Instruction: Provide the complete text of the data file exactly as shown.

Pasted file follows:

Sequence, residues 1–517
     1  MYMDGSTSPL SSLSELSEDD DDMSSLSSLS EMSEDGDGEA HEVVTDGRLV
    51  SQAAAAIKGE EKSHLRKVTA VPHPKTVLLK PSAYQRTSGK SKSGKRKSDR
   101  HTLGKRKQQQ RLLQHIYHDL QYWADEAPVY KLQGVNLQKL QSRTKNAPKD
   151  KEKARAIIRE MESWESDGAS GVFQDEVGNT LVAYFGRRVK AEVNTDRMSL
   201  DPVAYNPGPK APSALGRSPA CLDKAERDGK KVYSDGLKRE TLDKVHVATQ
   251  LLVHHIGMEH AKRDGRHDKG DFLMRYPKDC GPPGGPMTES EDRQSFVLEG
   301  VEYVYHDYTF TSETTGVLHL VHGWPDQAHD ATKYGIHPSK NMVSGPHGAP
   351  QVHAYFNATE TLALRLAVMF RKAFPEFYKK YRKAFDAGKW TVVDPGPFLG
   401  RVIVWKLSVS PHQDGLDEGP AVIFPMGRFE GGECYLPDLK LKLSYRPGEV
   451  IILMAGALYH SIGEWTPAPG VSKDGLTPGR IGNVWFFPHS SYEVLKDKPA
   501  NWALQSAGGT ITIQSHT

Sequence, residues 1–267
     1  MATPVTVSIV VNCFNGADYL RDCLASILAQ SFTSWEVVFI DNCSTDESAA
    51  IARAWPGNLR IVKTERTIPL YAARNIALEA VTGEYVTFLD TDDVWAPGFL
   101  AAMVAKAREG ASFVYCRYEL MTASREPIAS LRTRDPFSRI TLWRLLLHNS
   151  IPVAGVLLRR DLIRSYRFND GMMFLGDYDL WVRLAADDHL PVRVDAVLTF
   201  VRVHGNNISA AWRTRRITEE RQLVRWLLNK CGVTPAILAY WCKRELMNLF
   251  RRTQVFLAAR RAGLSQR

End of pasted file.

Sequence, residues 1–517
     1  MYMDGSTSPL SSLSELSEDD DDMSSLSSLS EMSEDGDGEA HEVVTDGRLV
    51  SQAAAAIKGE EKSHLRKVTA VPHPKTVLLK PSAYQRTSGK SKSGKRKSDR
   101  HTLGKRKQQQ RLLQHIYHDL QYWADEAPVY KLQGVNLQKL QSRTKNAPKD
   151  KEKARAIIRE MESWESDGAS GVFQDEVGNT LVAYFGRRVK AEVNTDRMSL
   201  DPVAYNPGPK APSALGRSPA CLDKAERDGK KVYSDGLKRE TLDKVHVATQ
   251  LLVHHIGMEH AKRDGRHDKG DFLMRYPKDC GPPGGPMTES EDRQSFVLEG
   301  VEYVYHDYTF TSETTGVLHL VHGWPDQAHD ATKYGIHPSK NMVSGPHGAP
   351  QVHAYFNATE TLALRLAVMF RKAFPEFYKK YRKAFDAGKW TVVDPGPFLG
   401  RVIVWKLSVS PHQDGLDEGP AVIFPMGRFE GGECYLPDLK LKLSYRPGEV
   451  IILMAGALYH SIGEWTPAPG VSKDGLTPGR IGNVWFFPHS SYEVLKDKPA
   501  NWALQSAGGT ITIQSHT

Sequence, residues 1–267
     1  MATPVTVSIV VNCFNGADYL RDCLASILAQ SFTSWEVVFI DNCSTDESAA
    51  IARAWPGNLR IVKTERTIPL YAARNIALEA VTGEYVTFLD TDDVWAPGFL
   101  AAMVAKAREG ASFVYCRYEL MTASREPIAS LRTRDPFSRI TLWRLLLHNS
   151  IPVAGVLLRR DLIRSYRFND GMMFLGDYDL WVRLAADDHL PVRVDAVLTF
   201  VRVHGNNISA AWRTRRITEE RQLVRWLLNK CGVTPAILAY WCKRELMNLF
   251  RRTQVFLAAR RAGLSQR